y = 2(x^{2} – 2.5x + 1.25^{2} – 1.25^{2}) + 1

y = 2(x^{2} – 2.5x + 1.56 – 1.56) + 1

– take out subtracted term (to be with c) by multiplying by term outside of brackets

y = 2(x^{2} – 2.5x + 1.56) + (2)(-1.56) + 1

y = 2(x^{2} – 2.5x + 1.56) – 2.12

– apply perfect square rules to brackets, and write so it resembles vertex form

> square root of first and last term, with symbol of b term

* x^{2} minus, means new bracket sign will be minus

y = 2(x – 1.25)^{2} – 2.12

Quadratics Continued

Vertex Form:

– in factored, standard and vertex, a = same, tells if opens up or down—same parabola, but difference info

– to covert between forms, have to go to standard first

Vertex Form:

y = a(x – h)^{2} + k

where (h,k) is vertex

Transformations:

– any horizontal or vertical shifting of a graph and any stretching/compressing of graph from the parent/baseline graph (including reflecting)

– y = a(x – h)^{2} + k

> x, y = coordinates

> k = vertical movement

> h = horizontal movement

> a = direction of opening, compression, stretch

Stretch:

– narrowing, when a = to more than 1 and less than -1

Compression:

– widening, when a = from 1 to -1

Order:

– order of transformations: horizontal movement, reflection + compression/stretch, vertical movement

Quadratic Formula:

Introduction to Trigonometry

Similar and Congruent Triangles:

Congruent:

– identical in shape, size and angles (same corresponding sides)

– “copy and paste” function

– means congruent to

– SSS – side-side-side, when corresponding sides are equal

– SAS – side-angle-side, if a contained angle and two corresponding sides are equal

– ASA – angle-side-angle, if two angles and the side in between are equal

Similar:

– same shape but different sizes of sides

– corresponding angles are equal but sides are proportional

– “zoom” function

– means similar to

– in ABC and DEF, A = D, and so on

> therefore, AB/DE = BC/EF = AC/DF

– SSS, SAS are same, except proportional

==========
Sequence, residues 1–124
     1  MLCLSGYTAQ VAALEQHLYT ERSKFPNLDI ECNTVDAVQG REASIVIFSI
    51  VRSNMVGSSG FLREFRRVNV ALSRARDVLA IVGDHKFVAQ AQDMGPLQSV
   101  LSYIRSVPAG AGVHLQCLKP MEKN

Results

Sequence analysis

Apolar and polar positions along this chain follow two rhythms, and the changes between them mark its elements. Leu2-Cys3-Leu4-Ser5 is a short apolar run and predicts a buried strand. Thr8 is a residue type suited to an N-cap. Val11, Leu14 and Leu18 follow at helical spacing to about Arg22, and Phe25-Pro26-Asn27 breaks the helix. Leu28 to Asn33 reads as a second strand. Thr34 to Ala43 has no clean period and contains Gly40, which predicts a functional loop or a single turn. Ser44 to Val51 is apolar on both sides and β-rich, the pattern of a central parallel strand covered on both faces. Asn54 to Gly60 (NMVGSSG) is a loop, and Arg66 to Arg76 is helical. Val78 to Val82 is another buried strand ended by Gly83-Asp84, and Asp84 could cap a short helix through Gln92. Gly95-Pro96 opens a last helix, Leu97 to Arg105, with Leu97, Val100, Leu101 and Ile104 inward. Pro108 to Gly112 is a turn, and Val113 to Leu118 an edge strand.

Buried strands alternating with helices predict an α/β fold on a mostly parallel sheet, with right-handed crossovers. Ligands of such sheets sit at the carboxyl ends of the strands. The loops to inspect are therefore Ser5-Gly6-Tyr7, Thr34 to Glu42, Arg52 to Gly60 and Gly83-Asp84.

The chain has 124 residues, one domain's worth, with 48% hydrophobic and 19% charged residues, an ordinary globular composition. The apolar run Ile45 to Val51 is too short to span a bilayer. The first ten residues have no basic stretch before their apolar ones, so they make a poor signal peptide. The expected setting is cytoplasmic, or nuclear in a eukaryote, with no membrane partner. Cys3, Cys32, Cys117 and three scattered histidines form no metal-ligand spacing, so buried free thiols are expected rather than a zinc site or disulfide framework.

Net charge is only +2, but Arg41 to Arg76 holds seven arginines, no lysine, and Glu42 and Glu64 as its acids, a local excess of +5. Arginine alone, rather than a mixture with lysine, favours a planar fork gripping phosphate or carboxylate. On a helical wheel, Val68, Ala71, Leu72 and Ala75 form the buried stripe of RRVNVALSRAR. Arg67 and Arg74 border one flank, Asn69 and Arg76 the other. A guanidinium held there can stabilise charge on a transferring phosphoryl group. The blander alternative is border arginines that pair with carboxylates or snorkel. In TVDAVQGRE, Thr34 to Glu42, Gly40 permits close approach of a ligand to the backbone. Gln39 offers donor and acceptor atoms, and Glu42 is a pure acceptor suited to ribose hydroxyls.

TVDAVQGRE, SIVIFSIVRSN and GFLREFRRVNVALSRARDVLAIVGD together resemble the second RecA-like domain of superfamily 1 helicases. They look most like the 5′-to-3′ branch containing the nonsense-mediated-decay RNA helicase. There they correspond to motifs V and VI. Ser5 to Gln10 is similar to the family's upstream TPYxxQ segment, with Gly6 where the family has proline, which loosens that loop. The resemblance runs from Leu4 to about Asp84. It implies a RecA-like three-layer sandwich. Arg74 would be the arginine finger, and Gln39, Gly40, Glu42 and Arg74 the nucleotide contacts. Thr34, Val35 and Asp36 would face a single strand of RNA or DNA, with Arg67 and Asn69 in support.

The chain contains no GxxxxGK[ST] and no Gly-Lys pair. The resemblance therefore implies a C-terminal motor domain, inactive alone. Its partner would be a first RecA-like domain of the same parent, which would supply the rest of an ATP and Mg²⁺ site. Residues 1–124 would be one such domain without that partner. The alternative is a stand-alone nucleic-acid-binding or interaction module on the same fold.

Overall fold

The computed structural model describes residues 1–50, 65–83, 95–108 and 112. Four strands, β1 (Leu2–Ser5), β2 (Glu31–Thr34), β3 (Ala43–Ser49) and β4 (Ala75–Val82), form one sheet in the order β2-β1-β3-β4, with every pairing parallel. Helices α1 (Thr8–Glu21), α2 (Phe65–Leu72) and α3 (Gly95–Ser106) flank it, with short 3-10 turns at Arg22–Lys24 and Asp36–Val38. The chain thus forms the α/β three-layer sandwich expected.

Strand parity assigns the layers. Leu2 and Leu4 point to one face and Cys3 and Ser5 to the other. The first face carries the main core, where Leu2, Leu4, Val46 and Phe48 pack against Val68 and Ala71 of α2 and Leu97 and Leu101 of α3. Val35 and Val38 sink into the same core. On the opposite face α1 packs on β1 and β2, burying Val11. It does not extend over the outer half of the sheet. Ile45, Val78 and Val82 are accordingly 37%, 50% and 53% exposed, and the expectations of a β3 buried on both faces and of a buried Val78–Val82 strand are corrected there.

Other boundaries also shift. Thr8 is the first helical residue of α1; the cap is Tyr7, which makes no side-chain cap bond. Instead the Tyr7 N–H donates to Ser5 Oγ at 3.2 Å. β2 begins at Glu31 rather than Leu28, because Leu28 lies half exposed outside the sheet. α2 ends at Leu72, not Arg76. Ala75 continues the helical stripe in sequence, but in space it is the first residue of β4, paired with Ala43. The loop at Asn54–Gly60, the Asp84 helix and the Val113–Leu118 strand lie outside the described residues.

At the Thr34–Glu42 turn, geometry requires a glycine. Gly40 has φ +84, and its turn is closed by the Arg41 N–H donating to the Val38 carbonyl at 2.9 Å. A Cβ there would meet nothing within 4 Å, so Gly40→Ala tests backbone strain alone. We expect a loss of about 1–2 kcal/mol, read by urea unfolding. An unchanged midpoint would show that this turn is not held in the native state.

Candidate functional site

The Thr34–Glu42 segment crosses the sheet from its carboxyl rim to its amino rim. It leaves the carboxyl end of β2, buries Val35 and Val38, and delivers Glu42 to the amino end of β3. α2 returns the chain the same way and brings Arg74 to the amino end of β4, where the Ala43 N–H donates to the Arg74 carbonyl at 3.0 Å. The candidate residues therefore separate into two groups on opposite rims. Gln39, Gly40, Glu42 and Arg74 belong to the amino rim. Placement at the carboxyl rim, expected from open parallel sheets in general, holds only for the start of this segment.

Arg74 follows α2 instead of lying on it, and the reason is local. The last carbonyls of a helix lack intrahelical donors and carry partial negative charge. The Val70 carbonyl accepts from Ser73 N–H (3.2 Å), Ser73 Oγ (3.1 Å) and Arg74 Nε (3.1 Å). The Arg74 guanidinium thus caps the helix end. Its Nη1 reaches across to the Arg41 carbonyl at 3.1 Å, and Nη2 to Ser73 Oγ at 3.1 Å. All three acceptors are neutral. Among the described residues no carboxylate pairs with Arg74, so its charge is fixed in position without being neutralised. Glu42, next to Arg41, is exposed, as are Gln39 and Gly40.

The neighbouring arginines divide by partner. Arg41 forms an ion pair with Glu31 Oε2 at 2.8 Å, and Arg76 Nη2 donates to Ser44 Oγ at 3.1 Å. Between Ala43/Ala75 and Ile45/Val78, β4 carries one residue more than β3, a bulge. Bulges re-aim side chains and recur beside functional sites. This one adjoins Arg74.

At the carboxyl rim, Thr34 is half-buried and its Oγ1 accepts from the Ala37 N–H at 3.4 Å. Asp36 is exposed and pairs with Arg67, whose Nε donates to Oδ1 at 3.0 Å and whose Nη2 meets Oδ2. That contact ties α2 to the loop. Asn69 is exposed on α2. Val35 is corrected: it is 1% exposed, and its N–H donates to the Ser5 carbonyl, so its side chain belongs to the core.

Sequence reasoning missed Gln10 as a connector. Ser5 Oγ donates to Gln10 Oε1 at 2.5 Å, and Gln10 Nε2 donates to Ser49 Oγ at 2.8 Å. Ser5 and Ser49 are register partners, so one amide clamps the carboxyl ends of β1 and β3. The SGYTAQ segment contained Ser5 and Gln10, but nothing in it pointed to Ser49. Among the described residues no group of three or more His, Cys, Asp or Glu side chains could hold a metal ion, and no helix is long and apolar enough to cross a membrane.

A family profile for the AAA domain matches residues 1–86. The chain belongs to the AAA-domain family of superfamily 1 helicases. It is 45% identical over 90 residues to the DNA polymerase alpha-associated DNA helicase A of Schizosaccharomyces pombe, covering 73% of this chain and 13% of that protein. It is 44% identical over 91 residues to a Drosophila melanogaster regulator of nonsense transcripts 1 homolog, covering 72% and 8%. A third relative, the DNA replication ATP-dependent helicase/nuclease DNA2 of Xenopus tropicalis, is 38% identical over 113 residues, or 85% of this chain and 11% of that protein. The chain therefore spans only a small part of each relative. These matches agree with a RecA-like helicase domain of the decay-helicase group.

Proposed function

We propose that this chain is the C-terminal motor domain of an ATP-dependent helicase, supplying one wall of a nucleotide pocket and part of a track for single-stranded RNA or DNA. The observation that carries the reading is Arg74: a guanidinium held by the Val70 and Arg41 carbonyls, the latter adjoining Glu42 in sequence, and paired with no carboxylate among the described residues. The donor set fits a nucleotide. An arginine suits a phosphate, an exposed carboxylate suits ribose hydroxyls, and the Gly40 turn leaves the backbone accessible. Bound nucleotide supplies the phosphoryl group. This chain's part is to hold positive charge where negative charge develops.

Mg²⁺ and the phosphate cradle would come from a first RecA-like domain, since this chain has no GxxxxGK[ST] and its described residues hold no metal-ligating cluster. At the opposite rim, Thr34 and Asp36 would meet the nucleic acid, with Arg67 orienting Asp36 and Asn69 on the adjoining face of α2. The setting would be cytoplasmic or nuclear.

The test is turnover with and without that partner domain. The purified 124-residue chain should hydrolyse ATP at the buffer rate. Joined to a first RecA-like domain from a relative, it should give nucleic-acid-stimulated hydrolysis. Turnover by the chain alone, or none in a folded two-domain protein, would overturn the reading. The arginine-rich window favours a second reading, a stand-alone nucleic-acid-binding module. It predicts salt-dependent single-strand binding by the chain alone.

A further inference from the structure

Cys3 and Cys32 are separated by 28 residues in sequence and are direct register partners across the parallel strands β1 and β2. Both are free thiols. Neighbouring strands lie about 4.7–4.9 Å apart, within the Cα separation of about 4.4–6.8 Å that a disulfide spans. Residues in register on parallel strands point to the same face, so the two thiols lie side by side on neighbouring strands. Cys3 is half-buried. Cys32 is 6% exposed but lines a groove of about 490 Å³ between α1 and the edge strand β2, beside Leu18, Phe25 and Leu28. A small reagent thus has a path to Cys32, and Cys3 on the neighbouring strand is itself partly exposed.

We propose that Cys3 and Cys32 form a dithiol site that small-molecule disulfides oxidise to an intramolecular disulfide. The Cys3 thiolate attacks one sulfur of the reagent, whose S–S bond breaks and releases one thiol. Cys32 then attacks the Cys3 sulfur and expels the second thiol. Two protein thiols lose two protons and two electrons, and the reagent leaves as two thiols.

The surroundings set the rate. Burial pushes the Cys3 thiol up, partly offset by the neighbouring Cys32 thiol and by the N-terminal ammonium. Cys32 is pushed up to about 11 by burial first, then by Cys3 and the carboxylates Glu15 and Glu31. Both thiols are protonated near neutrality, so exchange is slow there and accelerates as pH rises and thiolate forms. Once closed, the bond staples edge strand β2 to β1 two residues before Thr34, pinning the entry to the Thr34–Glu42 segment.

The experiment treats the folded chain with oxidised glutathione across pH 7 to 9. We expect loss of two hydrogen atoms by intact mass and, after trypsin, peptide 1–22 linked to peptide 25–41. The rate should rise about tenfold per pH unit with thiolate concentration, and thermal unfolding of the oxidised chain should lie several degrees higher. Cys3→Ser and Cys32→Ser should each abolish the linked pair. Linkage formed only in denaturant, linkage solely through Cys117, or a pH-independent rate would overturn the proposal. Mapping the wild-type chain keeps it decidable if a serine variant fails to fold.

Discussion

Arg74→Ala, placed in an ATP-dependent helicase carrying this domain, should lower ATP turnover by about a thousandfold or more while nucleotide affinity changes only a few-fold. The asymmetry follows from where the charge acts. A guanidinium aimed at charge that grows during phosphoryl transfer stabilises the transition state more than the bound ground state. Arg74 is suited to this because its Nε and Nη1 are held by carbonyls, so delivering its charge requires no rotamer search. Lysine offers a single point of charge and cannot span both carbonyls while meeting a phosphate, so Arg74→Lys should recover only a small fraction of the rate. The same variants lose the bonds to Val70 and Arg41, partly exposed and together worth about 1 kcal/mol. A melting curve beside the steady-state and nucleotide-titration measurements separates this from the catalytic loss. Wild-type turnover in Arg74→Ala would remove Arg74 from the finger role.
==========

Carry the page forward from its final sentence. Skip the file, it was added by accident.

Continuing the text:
– AA – angle-angle, when two corresponding angles are equal

Scale Ratio:

– scale drawings are a real life example of similar triangles, also how much larger or smaller one triangle is from another

> the constant ratio between corresponding sides is our scale ratio/factor (or “n”)

> n = AB/XY – sides must be corresponding

– if we need to find an unknown side using the scale factor, the length of any unknown side = n x side

> area = n^{2}

> perimeter = n x other perimeter

Connections Between Slopes and Angles:

– slope = rise/run, slope angle is the angle the line makes with the x-axis

– angle of inclination/elevation is when line rises above the horizontal, where angle of declination/depression is when the line rises below

– parallel lines have equal slopes and equal slope angles

– lines with positive slopes have slope angles between 0° and 90°

– lines with negative slopes have slope angles between -90° and 0°

– we find an equivalent angle between 90° and 180° by adding 180°

Primary Trigonometric Ratios:

SOHCAHTOA

– used to find unknown angles/lengths of right triangles

– sin θ = opposite/hypotenuse

– cos θ = adjacent/hypotenuse

– tan θ = opposite/adjacent (aka, the slope angle)

* to find angle, use inverted operations (tan^{-1}, etc.)

Sine Law:

– the ratio of each side, to the sine of the corresponding angle that allows to find any side/angle of a non-right triangle

– in order to sue the law, must be given one side and the corresponding opposite angle and one other angle or side

– each capital letter is an angle and each lowercase is the corresponding opposite side

Cosine Law:

– method used to find the unknown angle or side of a non-right triangle

– must have either all 3 sides given or 2 sides with the contained angle (angle in between)

a^{2} = b^{2} + c^{2} – 2bc cos A

b^{2 }= a^{2} + c^{2} – 2ac cos B

c^{2} = a^{2 }+ b^{2} – 2ab cos C